FUZ 3 Ghanaians 2500

Players had to live like beggars after being scammed by fake agents

06 October 2020
FIFPRO is campaigning to alert professional footballers to the danger of fake agents and scammers in the game.

Here, we tell the story of how four Ghanaian footballers were scammed by two football officials of the Zimbabwe football association (ZIFA). Because of this, three of the players were stuck in Zimbabwe for more than seven months, living like “beggars”.

“What was promised to be a dream, turned out to be a nightmare,” one of the players, Francis Adjetey, told FIFPRO.

Earlier this year, Adjetey was looking for a new club. His agent from Cameroon informed him that Zimbabwean club Khaya Africa wanted to sign him for a monthly salary between 1,000 to 1,500 USD and would pay him a signing on fee of at least 10,000 USD. He was told he only needed to pay his trip from Ghana, but those costs would be reimbursed by the club.

Adjetey couldn’t find any information about Khaya Africa on the internet. When he called the telephone number on the club’s invitation, he spoke with two ZIFA officials who said they were the chairman and administrator of Khaya Africa. They told him it was a new, ambitious club and wanted to sign him and three extra players.

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Francis Adjetey

When Adjetey and three other players arrived in Zimbabwe in early February, they soon realized that Khaya Africa didn’t exist. They were brought to lower league club Lowveld United, they had to stay in someone’s home and had to pay the officials for “logistics and permits”.

Initially, the players stayed. They hoped their performances would get them to South Africa. But after an argument with the officials, they wanted to return to Ghana. However, only one player managed to leave in time before Covid-19 lockdown.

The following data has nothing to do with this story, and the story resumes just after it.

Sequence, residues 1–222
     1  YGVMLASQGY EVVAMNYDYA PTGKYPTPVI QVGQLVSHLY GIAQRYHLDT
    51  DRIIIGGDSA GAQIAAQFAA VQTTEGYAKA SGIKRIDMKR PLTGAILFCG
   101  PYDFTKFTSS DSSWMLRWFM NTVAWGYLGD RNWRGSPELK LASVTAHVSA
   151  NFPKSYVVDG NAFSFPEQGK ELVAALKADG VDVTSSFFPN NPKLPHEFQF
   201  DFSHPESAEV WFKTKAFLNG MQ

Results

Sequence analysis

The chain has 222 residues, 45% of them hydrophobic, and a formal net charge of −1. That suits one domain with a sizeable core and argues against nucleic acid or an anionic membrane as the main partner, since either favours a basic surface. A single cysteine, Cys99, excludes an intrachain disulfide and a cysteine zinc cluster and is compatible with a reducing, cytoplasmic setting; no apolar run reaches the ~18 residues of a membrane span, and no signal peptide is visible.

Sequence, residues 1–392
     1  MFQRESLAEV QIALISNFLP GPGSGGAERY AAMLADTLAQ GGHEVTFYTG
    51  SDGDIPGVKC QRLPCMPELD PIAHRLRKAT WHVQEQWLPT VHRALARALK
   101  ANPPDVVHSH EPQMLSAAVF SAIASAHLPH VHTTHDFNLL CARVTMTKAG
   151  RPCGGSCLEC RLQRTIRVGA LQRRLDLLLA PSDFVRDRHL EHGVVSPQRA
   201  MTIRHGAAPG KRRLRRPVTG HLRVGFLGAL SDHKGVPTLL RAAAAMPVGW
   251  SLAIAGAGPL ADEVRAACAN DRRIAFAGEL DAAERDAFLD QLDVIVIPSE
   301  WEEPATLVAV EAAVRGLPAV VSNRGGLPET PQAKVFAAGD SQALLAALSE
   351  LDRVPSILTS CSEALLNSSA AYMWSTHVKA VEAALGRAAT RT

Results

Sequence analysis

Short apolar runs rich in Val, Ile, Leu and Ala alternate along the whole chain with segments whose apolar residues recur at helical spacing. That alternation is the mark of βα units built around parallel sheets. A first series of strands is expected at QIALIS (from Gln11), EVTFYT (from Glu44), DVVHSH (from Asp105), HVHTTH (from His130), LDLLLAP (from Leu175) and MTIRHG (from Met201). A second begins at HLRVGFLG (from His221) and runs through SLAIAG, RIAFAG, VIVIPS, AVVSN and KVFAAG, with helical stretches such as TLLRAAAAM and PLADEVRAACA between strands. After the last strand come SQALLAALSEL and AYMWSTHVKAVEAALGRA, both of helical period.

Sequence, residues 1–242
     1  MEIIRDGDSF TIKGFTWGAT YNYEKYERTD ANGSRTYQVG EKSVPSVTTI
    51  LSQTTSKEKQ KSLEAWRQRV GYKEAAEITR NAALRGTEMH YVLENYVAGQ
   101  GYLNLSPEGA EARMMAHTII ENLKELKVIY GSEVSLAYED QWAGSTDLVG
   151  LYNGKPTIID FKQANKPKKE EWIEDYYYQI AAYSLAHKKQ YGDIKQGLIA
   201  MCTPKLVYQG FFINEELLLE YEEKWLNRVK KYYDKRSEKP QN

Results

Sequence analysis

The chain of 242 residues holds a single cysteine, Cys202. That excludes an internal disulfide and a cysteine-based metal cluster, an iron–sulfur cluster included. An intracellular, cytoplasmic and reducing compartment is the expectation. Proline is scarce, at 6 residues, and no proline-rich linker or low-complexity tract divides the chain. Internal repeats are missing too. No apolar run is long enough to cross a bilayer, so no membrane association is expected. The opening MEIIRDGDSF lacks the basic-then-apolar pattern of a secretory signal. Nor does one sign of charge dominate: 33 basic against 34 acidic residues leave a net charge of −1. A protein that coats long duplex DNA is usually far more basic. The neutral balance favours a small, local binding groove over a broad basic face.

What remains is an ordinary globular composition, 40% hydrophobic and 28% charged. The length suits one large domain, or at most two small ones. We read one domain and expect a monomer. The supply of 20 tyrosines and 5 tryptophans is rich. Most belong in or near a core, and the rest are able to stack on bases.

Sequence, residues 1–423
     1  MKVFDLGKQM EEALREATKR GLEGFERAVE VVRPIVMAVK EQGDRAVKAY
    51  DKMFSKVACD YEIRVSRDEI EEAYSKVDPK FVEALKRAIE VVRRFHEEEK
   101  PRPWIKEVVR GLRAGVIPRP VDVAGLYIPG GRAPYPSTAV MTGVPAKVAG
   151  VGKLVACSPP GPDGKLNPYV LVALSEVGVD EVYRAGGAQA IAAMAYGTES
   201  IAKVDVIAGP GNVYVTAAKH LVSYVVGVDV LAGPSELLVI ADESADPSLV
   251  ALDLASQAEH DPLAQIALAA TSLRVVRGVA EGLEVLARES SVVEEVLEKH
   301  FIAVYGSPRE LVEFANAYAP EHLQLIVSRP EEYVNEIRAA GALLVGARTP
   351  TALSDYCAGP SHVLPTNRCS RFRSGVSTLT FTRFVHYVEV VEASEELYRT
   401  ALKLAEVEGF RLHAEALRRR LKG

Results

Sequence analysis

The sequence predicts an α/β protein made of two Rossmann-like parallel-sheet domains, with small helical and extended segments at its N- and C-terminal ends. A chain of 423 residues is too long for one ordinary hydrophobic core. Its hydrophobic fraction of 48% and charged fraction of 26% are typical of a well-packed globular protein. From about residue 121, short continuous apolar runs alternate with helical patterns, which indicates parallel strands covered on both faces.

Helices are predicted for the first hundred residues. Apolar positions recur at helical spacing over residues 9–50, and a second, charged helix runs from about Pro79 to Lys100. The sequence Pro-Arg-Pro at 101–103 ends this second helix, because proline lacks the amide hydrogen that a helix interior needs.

Adjetey and the two other players left behind experienced many difficulties as they had no money for food, accommodation and new visa.

“We never told people at home, because you feel ashamed. Your first time travelling and then this happens,” said Adjetey, who added that his agent in Cameroon did not respond to his messages. “He never showed he cared.”

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Desmond Maringwa, president of Footballers Union of Zimbabwe (left) with Francis Adjetey (right)

In the end, Adjetey got in touch with the Professional Footballers Association of Ghana, which involved Footballers Union Zimbabwe. Together with ZIFA, the player unions arranged for the players to return home, in September.

“I’ve learned a lesson,” Adjetey said. “If you are a footballer and someone says he can help you, but wants money first, then I advise you not to pay him.”

“If you have an offer, contact the right people, such as the PFAG in Ghana, and they will give you advice.”

ZIFA banned the officials from football for five years and ordered them to pay each player USD 1,300. The players are still waiting to be paid.

ZIFA said the pair acted like human traffickers: “Young and innocent footballers were plucked from their families and homes and further swindled through misrepresentation, fraud and forgery, and dumped in a foreign land with no proper accommodation, medical aid or care and turned into beggars in a foreign land.”


Contact your local player union for advice if you are unsure about a contract offer.

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